Photo: Sound Engineer Brent Hoyer sits in our makeshift audio command center. Stage Manager Kate Fossner (on screen) beams in from the lobby directly below.
We love when David Lutken is in town and leads one of his post-show Hootenannies in the upper lobby of our Leonard C. Haas theatre! When COVID-19 came a callin’ and separated us all, one of our first impulses was to see how we could bring the joy of these sing-a-longs into your living room.
Like so many of our fellow theatre artists, we were already exploring various formats to share digital offerings with our audience; but the first step was to assemble the band. David has an extraordinary “bench” of artists he has played with throughout the years. And given that distance was no object, or so we initially thought, we could assemble a group from all around the country.
A playlist was being cultivated while the technical exploration began. We learned about Zoom, a video conferencing software; OBS (Open Broadcaster Software), a free and open source software for video recording and live streaming; Crowdcast, another live streaming platform designed for webinars, summits, and more; and the iPhone app Acapella, for recording music and collaborative harmonizing. We discovered who had what in the way of microphones, headphones, computers, iPads, adapters, interfaces, ethernet capabilities, and what strength everybody’s internet signal was. We shipped audio kits to some, dealt with time zone conundrums, and latency—our greatest foe it turns out.
Latency = delay. Simply put it's the amount of delay (or time) it takes to send information from one point to the next. Latency is usually measured in milliseconds or ms. That delay is aggravated by distance as well, so our “all around the country” approach magnified the challenge. Musicians need to play together to truly be in time with each other. With everyone scattered from coast to coast, keeping time was proving impossible and contrary to the very essence of what we were trying to do. We decided to preserve the feel of playing together by creating some pre-recorded content using the Acapella app to supplement the truly live portion of the event when only one artist at a time can be heard. The way the app works is pretty cool. Basically, one person lays down a track and they pass their part along to the next person, adding additional layers as it goes until it circles back to us for mastering. Tori Harvey, Director of Digital Media & Graphic Design, stitched it together and added some graphics, and given the various degrees of technology each artist had at their disposal, Sound Engineer Brent Hoyer polished the sound.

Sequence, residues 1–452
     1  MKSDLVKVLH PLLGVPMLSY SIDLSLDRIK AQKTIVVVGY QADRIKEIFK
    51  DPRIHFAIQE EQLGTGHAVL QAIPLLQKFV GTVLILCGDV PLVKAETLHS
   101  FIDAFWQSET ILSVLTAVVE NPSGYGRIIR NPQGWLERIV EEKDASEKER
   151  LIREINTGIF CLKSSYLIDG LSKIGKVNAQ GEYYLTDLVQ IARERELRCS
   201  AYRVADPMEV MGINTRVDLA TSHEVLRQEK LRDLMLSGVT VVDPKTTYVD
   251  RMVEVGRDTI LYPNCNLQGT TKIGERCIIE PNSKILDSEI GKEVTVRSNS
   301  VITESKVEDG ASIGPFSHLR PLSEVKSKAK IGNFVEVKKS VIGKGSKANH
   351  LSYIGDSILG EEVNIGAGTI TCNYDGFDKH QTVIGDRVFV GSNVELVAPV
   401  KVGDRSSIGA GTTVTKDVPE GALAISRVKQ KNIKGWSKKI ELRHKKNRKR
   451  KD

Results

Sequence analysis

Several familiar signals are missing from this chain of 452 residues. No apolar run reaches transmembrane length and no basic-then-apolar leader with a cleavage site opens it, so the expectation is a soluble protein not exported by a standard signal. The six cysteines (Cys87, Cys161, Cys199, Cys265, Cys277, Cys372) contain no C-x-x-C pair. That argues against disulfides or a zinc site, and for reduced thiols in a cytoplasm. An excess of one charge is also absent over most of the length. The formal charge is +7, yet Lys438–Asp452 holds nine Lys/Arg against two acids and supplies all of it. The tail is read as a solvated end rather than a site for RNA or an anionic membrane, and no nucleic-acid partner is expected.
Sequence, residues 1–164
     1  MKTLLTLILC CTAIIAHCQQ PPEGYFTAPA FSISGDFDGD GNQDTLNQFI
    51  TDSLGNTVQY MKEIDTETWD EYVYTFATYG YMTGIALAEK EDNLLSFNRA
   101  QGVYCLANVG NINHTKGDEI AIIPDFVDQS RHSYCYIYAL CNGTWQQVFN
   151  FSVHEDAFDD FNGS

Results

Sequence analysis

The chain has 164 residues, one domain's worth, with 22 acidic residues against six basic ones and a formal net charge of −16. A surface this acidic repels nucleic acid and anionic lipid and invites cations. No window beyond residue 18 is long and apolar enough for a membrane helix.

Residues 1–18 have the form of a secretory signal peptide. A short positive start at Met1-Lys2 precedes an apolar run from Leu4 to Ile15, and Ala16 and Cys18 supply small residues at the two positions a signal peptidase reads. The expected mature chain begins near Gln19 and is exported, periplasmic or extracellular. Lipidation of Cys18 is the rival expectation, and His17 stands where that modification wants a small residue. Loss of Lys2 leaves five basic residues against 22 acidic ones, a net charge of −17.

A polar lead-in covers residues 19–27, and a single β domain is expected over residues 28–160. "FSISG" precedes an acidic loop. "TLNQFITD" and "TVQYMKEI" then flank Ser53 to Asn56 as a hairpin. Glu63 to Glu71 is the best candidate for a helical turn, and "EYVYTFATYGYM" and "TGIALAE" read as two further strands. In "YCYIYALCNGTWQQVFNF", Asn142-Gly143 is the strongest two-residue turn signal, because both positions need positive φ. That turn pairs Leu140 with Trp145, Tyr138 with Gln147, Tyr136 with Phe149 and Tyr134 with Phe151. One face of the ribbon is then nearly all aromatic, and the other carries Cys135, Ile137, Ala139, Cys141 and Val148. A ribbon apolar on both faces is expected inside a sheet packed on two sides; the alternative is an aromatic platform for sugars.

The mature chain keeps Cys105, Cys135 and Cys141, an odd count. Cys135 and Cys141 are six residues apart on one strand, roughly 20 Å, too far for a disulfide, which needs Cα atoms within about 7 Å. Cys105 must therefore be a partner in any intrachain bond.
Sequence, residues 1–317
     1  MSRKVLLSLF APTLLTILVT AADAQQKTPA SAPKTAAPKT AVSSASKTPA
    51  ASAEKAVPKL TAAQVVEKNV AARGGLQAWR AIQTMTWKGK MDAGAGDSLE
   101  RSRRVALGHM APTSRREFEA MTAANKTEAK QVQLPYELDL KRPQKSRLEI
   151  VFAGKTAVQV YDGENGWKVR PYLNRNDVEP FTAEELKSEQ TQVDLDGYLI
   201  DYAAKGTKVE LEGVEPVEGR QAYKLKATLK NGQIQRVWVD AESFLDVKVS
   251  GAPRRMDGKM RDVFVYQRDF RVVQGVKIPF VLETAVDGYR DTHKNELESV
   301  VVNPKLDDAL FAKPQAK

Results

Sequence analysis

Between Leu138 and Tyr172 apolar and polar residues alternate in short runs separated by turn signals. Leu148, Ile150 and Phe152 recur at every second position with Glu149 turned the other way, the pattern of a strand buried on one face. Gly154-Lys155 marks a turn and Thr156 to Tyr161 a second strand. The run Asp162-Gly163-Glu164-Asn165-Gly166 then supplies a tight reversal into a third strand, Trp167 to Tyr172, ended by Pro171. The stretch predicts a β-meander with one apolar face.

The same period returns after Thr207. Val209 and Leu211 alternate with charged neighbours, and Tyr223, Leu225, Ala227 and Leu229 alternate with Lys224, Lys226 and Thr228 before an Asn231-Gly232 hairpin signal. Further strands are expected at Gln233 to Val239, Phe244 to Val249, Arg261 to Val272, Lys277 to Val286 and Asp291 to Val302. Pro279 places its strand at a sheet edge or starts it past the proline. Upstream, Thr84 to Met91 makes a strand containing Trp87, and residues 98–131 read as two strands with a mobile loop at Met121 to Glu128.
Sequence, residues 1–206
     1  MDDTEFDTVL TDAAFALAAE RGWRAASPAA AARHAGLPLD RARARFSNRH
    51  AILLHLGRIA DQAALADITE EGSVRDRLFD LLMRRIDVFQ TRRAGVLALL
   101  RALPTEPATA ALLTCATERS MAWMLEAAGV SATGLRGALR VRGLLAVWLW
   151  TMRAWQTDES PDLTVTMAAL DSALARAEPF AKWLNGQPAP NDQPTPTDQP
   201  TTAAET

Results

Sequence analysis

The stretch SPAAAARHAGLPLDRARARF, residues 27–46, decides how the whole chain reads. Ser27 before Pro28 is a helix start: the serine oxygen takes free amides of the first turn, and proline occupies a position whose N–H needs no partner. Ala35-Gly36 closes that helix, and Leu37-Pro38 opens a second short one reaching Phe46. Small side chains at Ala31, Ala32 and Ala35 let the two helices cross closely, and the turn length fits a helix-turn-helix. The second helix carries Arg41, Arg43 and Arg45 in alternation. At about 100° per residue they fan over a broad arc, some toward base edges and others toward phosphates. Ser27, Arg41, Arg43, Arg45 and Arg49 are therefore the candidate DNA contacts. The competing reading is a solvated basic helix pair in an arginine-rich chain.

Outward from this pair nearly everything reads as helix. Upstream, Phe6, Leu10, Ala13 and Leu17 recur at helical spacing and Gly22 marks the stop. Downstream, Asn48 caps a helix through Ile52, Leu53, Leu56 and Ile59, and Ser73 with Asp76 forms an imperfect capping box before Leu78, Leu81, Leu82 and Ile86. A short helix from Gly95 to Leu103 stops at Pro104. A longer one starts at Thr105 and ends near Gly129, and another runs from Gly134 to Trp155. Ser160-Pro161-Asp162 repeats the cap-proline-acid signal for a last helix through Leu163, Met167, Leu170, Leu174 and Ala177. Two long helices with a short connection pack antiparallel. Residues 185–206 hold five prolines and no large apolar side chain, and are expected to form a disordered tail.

Once we figured out the recording method, rehearsals began in earnest using Zoom and Stage Managed by Kate Fossner, who literally passed the baton from one artist to another as we practiced sharing leads, muting mics, playing with (virtual) waiting rooms, greenrooms, chat rooms, texting, messaging, and hand signals. Our structure of the event was taking shape. A welcome from David, a pre-recorded set, and then our live section. We also needed to figure out a way to make it feel participatory. One of the key components of a Hootenanny is musical instruction, and we wanted to make sure we were able to share the chords and melodies as part of the experience so anyone who wanted to play along could.
In the end, it wasn’t a simple matter of choosing just one of the live streaming softwares mentioned above. We gravitated to Crowdcast for a variety of reasons. We really liked the active chat capabilities and that it had decent audio algorithms for a broadcast. One of the limiting factors of Crowdcast, however, is the amount of “on stage” performers you can have at one time. We had too many. Zoom doesn’t have that problem, but it’s designed for speech, making it less ideal for streaming music. In the end, we decided to combine the good parts of Zoom and Crowdcast, with a helping hand from OBS, to preserve the fidelity of the overall experience. That’s where it started to get interesting.
It was time for a trial run. We tested our individual internet strengths to see who should host the event. We decided that the Congdon Center (home to the People’s Light administrative offices) most likely would have the strongest signal, but just when we went to try it all, we discovered there was a significant problem with a piece of hardware on campus. Yikes! The event was two days away. Our IT specialists Matt Lazorwitz and Jim Woods scrambled to fix the problem. Replacement parts are hard to come by and as we're all aware, shipping times can be sporadic right now. The quick fix? Move to the Haas building. Move to the upper lobby: natural home of the Hoot. Kismet.
On the Night . . .
All musicians assembled on Zoom from California, the deep woods of Northern Louisiana, and representation from our Mid-Atlantic neighbors. Stage Manager, Director, Sound Engineer, and a Director of Production for moral support. The chat room was buzzing. We had viewers from the Midwest, the Southwest, the Northeast; and from London, Austria, and Germany among other distant lands. We were global!! Song requests were coming in as well as amazing donations. It was a lot of hurry up and wait, but we had arrived.
Below is a short video of that hurry up and wait. Sitting there, on the night, it kinda felt like we were in a NASA control room, launching something into an unknown realm. Going where no . . . Well, you get the idea.